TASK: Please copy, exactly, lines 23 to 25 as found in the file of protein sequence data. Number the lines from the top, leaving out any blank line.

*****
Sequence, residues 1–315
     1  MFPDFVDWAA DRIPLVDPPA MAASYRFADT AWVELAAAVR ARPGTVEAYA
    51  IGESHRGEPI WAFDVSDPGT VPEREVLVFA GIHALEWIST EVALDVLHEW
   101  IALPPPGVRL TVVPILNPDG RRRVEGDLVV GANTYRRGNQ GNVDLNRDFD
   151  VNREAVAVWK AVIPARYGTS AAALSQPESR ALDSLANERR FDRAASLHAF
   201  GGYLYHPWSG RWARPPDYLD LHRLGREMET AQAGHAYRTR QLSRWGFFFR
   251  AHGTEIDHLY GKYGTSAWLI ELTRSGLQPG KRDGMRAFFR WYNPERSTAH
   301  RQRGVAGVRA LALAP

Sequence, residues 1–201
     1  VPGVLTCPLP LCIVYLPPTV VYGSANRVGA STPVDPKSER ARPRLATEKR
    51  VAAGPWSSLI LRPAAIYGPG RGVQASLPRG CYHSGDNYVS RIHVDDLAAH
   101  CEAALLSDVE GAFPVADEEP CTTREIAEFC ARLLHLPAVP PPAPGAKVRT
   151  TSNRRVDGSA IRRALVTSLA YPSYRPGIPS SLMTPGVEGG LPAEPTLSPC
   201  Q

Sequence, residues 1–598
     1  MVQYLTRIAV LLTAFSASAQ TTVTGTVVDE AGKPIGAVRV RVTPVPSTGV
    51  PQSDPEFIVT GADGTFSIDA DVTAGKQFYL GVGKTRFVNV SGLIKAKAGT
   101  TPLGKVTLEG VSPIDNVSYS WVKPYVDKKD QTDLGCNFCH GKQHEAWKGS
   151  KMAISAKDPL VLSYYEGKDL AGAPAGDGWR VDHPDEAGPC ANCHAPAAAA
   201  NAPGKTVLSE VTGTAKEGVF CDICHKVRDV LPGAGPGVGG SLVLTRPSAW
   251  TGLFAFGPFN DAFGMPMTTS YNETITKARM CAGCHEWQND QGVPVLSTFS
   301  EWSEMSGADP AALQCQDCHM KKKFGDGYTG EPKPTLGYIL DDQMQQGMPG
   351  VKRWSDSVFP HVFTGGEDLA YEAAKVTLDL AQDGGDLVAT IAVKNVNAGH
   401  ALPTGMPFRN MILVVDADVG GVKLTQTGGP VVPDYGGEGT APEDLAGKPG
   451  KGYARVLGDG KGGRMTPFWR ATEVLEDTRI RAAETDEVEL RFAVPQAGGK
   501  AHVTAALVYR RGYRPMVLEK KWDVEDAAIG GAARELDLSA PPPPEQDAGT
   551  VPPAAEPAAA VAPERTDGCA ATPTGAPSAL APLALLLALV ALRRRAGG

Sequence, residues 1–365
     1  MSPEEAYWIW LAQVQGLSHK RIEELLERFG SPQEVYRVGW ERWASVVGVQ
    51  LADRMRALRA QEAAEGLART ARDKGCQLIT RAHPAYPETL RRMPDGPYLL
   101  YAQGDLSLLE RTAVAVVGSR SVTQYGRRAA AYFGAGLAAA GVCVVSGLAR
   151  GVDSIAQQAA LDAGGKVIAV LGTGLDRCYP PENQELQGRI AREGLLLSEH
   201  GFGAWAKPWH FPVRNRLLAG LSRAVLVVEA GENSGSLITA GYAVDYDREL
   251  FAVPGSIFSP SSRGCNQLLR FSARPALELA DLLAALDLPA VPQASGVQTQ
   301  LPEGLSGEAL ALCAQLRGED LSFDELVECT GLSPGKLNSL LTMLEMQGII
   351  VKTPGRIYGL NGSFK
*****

   351  VKRWSDSVFP HVFTGGEDLA YEAAKVTLDL AQDGGDLVAT IAVKNVNAGH
   401  ALPTGMPFRN MILVVDADVG GVKLTQTGGP VVPDYGGEGT APEDLAGKPG
   451  KGYARVLGDG KGGRMTPFWR ATEVLEDTRI RAAETDEVEL RFAVPQAGGK